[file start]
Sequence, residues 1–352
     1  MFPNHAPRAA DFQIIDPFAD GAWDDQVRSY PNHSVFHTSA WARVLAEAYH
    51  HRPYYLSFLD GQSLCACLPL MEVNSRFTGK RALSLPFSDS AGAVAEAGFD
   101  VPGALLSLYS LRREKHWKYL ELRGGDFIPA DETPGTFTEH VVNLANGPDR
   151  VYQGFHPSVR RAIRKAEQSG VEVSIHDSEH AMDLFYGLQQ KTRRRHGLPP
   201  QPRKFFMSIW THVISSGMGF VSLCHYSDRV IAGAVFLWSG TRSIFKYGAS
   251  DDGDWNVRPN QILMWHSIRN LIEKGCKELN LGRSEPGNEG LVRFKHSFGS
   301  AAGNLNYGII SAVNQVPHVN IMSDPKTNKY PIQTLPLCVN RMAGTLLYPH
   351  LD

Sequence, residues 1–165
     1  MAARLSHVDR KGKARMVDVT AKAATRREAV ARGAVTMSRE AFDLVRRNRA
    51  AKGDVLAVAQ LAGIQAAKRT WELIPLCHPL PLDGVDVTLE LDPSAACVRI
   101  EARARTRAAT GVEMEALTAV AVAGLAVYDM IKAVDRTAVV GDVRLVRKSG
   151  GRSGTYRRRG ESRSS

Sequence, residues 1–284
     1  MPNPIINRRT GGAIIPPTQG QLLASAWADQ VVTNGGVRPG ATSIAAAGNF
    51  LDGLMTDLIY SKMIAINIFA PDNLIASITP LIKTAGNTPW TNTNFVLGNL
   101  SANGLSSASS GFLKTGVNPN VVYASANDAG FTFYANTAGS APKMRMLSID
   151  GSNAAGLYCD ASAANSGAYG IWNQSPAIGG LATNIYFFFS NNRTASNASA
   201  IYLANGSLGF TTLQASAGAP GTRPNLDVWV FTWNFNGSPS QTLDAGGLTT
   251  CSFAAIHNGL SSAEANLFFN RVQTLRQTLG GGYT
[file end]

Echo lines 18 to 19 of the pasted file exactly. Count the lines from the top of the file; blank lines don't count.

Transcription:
   101  SANGLSSASS GFLKTGVNPN VVYASANDAG FTFYANTAGS APKMRMLSID
   151  GSNAAGLYCD ASAANSGAYG IWNQSPAIGG LATNIYFFFS NNRTASNASA